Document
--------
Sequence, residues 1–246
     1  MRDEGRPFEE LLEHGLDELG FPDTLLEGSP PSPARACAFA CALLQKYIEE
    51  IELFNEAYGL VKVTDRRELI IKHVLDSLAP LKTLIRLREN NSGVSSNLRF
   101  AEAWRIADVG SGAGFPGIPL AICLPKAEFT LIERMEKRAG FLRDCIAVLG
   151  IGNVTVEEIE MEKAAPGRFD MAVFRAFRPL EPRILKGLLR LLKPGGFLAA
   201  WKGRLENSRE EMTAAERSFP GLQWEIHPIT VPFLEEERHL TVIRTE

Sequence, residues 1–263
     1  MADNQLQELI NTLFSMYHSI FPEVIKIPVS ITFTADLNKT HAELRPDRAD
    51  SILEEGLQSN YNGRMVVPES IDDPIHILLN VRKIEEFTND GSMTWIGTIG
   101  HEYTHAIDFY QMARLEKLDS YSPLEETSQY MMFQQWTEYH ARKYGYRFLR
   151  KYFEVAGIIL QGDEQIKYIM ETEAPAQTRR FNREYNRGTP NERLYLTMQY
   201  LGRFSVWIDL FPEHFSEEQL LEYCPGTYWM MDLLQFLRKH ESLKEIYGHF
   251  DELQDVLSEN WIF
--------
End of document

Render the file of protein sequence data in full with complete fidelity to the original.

Sequence, residues 1–246
     1  MRDEGRPFEE LLEHGLDELG FPDTLLEGSP PSPARACAFA CALLQKYIEE
    51  IELFNEAYGL VKVTDRRELI IKHVLDSLAP LKTLIRLREN NSGVSSNLRF
   101  AEAWRIADVG SGAGFPGIPL AICLPKAEFT LIERMEKRAG FLRDCIAVLG
   151  IGNVTVEEIE MEKAAPGRFD MAVFRAFRPL EPRILKGLLR LLKPGGFLAA
   201  WKGRLENSRE EMTAAERSFP GLQWEIHPIT VPFLEEERHL TVIRTE

Sequence, residues 1–263
     1  MADNQLQELI NTLFSMYHSI FPEVIKIPVS ITFTADLNKT HAELRPDRAD
    51  SILEEGLQSN YNGRMVVPES IDDPIHILLN VRKIEEFTND GSMTWIGTIG
   101  HEYTHAIDFY QMARLEKLDS YSPLEETSQY MMFQQWTEYH ARKYGYRFLR
   151  KYFEVAGIIL QGDEQIKYIM ETEAPAQTRR FNREYNRGTP NERLYLTMQY
   201  LGRFSVWIDL FPEHFSEEQL LEYCPGTYWM MDLLQFLRKH ESLKEIYGHF
   251  DELQDVLSEN WIF